Ryan Magee is a Wellness Center fanatic, frequenting the gym about five to seven times a week. He plays soccer and racquetball on Mondays and Wednesdays, takes Karate classes on Tuesdays, Thursdays and Saturdays, and runs bi-weekly cross-country journeys through Coral Gables.
Magee is 19 years old, 5’11”, 160 pounds, has brown hair and blue eyes. However, he is not your average teenager: his goal is to become a pediatric cardiologist.
Magee’s motive is personal.
“I want to know what’s wrong with me.”
On November 27, 1996, a day before Thanksgiving, Magee, then a 14-year-old high school freshman, was running through his daily afterschool routine, a regiment that included a cross-country trek of eight miles followed by a grueling four hour soccer practice.
During the seemingly normal soccer practice of fast-paced sprinting drills, Magee collapsed onto the ground.
During the 12 minutes when coaches and an on-site nurse gave him CPR, Magee’s heart had stopped pumping blood and had gone into ventricular fibrillation, a condition where the ventricles of the heart shake wildly.
Emergency medical technicians soon arrived. After shocking him twice with a defibrillator, technicians were able to get his heart pumping again.
After a two week coma, Magee was visited by a Catholic priest who performed the sacrament of the sick on him. He awoke from his coma the next day.
To this day, Magee is unable to remember the week before and a month after the accident. His mother told him that after awakening from the coma, he recalled, “I talked to god and the angels and they told me I wasn’t ready to go.”
Twenty days after the accident, Magee received an automated implantable cardio-defibrillator, an emergency device that acts as a defibrillator, pacemaker and EKG.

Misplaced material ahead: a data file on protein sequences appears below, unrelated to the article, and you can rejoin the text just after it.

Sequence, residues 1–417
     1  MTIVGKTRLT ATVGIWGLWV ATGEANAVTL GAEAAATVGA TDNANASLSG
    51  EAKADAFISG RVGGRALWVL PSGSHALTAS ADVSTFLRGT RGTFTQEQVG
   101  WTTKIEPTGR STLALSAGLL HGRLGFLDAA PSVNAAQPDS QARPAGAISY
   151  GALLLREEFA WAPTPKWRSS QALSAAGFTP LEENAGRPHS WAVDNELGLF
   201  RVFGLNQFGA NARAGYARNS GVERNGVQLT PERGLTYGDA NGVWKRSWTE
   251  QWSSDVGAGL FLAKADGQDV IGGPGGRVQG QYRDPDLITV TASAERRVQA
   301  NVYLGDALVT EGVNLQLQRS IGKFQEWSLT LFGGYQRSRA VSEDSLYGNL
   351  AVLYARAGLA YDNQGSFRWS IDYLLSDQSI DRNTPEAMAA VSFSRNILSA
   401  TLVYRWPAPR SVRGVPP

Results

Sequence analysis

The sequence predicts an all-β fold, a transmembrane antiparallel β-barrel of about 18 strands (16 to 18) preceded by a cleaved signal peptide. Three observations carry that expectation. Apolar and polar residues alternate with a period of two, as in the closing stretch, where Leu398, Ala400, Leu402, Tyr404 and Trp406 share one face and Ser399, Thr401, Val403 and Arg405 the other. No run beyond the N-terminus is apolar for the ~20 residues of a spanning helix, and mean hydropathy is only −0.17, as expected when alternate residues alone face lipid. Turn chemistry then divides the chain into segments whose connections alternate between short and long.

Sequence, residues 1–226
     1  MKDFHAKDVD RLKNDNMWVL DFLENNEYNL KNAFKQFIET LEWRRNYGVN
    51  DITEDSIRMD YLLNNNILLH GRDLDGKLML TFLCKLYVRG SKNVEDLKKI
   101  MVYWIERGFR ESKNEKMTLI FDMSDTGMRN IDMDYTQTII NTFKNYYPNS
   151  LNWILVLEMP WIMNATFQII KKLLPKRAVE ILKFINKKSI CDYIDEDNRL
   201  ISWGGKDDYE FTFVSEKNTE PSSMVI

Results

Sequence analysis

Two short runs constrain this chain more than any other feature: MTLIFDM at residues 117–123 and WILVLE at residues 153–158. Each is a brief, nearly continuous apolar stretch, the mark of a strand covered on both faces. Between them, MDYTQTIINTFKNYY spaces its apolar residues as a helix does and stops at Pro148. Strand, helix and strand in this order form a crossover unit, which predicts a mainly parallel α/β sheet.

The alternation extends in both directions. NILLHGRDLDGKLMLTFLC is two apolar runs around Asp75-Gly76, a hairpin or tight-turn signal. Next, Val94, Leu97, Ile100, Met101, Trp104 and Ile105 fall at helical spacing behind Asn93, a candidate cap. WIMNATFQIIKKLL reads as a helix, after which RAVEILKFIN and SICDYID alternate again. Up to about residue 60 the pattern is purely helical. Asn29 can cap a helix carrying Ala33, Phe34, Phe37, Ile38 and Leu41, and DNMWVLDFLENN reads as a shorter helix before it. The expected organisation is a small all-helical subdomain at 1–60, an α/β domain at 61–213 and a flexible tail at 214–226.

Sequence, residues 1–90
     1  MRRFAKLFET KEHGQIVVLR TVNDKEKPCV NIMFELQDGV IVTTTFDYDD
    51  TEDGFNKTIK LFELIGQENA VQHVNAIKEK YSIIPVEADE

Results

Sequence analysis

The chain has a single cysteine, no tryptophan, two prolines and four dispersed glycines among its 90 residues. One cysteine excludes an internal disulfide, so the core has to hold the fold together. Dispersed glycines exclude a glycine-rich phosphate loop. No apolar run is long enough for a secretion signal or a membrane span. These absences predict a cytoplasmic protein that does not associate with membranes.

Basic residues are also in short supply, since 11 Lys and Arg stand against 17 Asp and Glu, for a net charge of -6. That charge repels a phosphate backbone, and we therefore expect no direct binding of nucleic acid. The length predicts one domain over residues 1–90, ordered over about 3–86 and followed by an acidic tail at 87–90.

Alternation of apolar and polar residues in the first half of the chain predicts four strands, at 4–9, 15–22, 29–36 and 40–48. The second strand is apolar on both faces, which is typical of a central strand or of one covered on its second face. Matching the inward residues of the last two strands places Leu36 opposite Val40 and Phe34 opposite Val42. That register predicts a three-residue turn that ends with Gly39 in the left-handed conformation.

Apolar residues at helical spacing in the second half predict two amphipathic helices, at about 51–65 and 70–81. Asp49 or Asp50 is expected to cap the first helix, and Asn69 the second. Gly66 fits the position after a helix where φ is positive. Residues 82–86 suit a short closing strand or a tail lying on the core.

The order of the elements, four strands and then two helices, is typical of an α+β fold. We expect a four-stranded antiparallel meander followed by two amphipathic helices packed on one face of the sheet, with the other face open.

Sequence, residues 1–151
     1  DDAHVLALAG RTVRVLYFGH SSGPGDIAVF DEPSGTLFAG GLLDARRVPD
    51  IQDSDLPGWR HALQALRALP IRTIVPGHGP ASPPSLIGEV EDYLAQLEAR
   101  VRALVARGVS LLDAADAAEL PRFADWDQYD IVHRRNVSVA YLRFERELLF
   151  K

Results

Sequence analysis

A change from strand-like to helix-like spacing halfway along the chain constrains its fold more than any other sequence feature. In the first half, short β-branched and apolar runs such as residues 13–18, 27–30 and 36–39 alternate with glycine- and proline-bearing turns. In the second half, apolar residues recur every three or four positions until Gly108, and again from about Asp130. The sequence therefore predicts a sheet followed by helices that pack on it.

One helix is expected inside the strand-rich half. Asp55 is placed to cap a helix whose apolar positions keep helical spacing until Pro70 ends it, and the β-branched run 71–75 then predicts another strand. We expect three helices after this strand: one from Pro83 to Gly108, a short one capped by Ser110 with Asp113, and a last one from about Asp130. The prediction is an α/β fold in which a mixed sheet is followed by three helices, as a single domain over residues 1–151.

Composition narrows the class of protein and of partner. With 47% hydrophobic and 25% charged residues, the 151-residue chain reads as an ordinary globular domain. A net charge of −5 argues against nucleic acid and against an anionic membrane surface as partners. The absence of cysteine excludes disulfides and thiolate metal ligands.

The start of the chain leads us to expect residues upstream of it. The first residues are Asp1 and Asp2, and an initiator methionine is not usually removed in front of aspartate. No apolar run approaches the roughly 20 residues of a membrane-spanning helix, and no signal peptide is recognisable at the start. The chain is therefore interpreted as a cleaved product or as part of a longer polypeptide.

After his surgery and tests were completed, Magee returned to school in January 1997. By March, Magee found himself going against his doctor’s orders when he decided to start playing soccer again. Magee ultimately regretted this decision.
Two years later, in the first game of a fall soccer tournament, Magee went down again.
This time the implant kicked in, giving Magee an electrical shock that reset his heart’s pace.
“I had the electric taste in my mouth, it was just like licking a battery,” he remembers.
Despite arguing with emergency medical staff to let him stay in the game, Magee was forced to go to the hospital for testing once more.
After numerous screenings, Magee began reading his latest set of test results. At that moment, he realized his mission in life – to learn more about his condition and to help others with similar problems. Magee began to read medical books, researching the problem for which doctors still have no explanation for.
Magee is a sophomore majoring in pre-med bio-medical engineering.
Now considered a medical phenomenon, Magee attends an all-expense paid trip every year to the National Institute of Health in Washington, D.C. for tests.
Every year, doctors get the same results.
“No one knows what to do with me medically,” he said.
So he does what he wants.
“As long as I have this thing in my chest, I’ve got nine lives,” Magee said, pointing to the protruding implant in the upper left of his chest.
Everyone around him also notices his positive attitude.
“He takes everything lightly,” said friend Zach Carpenter.
This outlook, along with an “I’m not scared of dying” perspective on life (one that he has had since he was fourteen), makes his continuing commitment to medicine even more special.
“He’s always willing to help you,” said Carpenter. Not only is Magee’s love for life seen in his excessive physical activity, but also in his devotion to help others. During vacations, Magee spends his time working in hospitals at home in Cape Coral, FL. And when he’s not volunteering at hospitals, Magee spends his time chasing down answers in his medical books.
“I can’t help it, I’m always on the move…my initials are R.P.M.”